Writing a birth plan often feels like a rite of passage for any expecting parent. There are endless outlines online and scores of suggestions in books and childbirth education classes. As a midwife for over a decade, I have seen more than my fair share of birth plans; the good, the bad and the outrageous. Over the years I have come up with some suggestions to help families use the birth plan as an effective communication tool.
Birth plans should be reviewed extensively with your health care provider before you get to labor and delivery. This fact is backed up by a randomized controlled trial. That may not mean much to you, but it means a lot to your provider. This is the most important step in writing a birth plan. I suggest that between 34 to 36 weeks in your pregnancy you go to an appointment with your provider, birth plan in hand, to review all of the particulars.
Reviewing the birth plan together is a great opportunity to ask questions about hospital practice and protocols. It is also a chance to review any details that you are not sure about, and to gain more information about why and when certain recommendations are in place.
Be aware that planning any big event is fraught with unexpected struggles. Have you ever hosted a party and had everything go exactly as planned? Of course not. Birth is the same way. There will be unpredicted hiccups along the way. What is most important is having the right ingredients and having a solid sense of your overall goal.
There is evidence showing that women who wrote birth plans are often LESS satisfied by their birth experience. This should NOT stop you from writing one. In many cases this dissatisfaction comes from holding on to specific decisions instead of larger concepts.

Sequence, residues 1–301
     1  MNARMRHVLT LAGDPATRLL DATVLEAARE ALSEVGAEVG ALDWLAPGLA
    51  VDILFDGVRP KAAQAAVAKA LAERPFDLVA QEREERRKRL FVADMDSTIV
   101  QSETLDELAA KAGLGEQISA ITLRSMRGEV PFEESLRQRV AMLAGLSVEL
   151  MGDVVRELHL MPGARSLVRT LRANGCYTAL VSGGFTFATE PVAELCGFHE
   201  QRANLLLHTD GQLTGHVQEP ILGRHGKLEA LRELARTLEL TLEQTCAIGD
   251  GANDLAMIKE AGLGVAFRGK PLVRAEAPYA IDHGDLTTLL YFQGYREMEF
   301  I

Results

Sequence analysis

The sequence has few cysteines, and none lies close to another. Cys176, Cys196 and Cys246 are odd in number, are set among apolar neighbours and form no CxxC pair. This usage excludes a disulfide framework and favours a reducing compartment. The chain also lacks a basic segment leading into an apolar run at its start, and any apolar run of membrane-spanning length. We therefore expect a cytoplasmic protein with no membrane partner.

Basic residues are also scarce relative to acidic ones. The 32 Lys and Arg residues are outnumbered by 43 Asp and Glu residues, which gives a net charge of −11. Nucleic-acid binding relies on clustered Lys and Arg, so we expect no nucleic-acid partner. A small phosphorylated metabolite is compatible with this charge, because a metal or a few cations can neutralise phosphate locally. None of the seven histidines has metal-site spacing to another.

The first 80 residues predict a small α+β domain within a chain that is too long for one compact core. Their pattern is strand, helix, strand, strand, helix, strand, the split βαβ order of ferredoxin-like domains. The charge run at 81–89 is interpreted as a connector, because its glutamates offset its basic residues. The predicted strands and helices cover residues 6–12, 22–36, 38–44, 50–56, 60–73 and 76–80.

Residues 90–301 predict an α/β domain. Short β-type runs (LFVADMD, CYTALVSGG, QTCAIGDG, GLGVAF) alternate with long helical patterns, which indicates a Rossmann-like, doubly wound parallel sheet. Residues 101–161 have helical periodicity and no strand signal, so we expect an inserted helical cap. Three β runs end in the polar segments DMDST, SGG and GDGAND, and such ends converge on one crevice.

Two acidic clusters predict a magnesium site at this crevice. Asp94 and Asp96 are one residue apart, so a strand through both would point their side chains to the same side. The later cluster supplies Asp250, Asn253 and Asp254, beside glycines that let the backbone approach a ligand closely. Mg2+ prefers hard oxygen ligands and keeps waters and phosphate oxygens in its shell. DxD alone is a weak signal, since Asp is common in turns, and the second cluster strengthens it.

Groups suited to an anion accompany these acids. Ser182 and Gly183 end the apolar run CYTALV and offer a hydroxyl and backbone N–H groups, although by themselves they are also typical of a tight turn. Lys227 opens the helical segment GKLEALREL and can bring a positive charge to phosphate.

For example, Instead of focusing on avoiding an IV I recommend focusing on the ability to move around. Not having an IV may be part of this, but the bigger picture includes more than the small detail.
As for the nitty gritty of writing a birth plan, here are some simple steps:
Once you have created this birth plan bring a first draft in to your provider to review it. Have your provider sign it and ask them to scan it into your chart. You should also bring multiple signed copies to your birth to post them in your room.
Happy Birth Planning!
Becca Amirault has been a Certified Nurse Midwife since 2007. She currently works in clinical practice at UCSF where she is also an Associate Professor of Obstetrics in the School of Medicine. Becca is a proud San Francisco native and the mother of two energetic and passionate girls.
Comments will be approved before showing up.
Like any fresh food, pumped breast milk needs to be stored properly or it can spoil. And the last thing a pumping mother wants to do is throw out precious liquid gold. Or, even worse, sicken her child with milk which has gone bad. Here are some guidelines to keep your pumped milk safe for baby.